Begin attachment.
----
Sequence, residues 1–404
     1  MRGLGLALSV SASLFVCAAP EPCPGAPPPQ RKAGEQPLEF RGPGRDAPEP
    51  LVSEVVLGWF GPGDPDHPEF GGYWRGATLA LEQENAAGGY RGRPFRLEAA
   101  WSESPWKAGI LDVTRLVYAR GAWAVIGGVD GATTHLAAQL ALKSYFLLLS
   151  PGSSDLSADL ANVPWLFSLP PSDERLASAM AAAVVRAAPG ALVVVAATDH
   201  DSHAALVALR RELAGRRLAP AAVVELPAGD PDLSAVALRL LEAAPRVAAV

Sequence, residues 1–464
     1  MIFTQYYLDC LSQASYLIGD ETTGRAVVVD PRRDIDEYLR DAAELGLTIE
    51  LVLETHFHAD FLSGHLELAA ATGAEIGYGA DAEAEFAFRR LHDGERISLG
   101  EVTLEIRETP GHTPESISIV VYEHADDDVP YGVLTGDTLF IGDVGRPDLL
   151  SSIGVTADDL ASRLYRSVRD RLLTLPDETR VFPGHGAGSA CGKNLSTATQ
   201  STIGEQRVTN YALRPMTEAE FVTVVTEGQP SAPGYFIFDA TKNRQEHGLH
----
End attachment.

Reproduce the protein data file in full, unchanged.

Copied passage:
Sequence, residues 1–404
     1  MRGLGLALSV SASLFVCAAP EPCPGAPPPQ RKAGEQPLEF RGPGRDAPEP
    51  LVSEVVLGWF GPGDPDHPEF GGYWRGATLA LEQENAAGGY RGRPFRLEAA
   101  WSESPWKAGI LDVTRLVYAR GAWAVIGGVD GATTHLAAQL ALKSYFLLLS
   151  PGSSDLSADL ANVPWLFSLP PSDERLASAM AAAVVRAAPG ALVVVAATDH
   201  DSHAALVALR RELAGRRLAP AAVVELPAGD PDLSAVALRL LEAAPRVAAV

Sequence, residues 1–464
     1  MIFTQYYLDC LSQASYLIGD ETTGRAVVVD PRRDIDEYLR DAAELGLTIE
    51  LVLETHFHAD FLSGHLELAA ATGAEIGYGA DAEAEFAFRR LHDGERISLG
   101  EVTLEIRETP GHTPESISIV VYEHADDDVP YGVLTGDTLF IGDVGRPDLL
   151  SSIGVTADDL ASRLYRSVRD RLLTLPDETR VFPGHGAGSA CGKNLSTATQ
   201  STIGEQRVTN YALRPMTEAE FVTVVTEGQP SAPGYFIFDA TKNRQEHGLH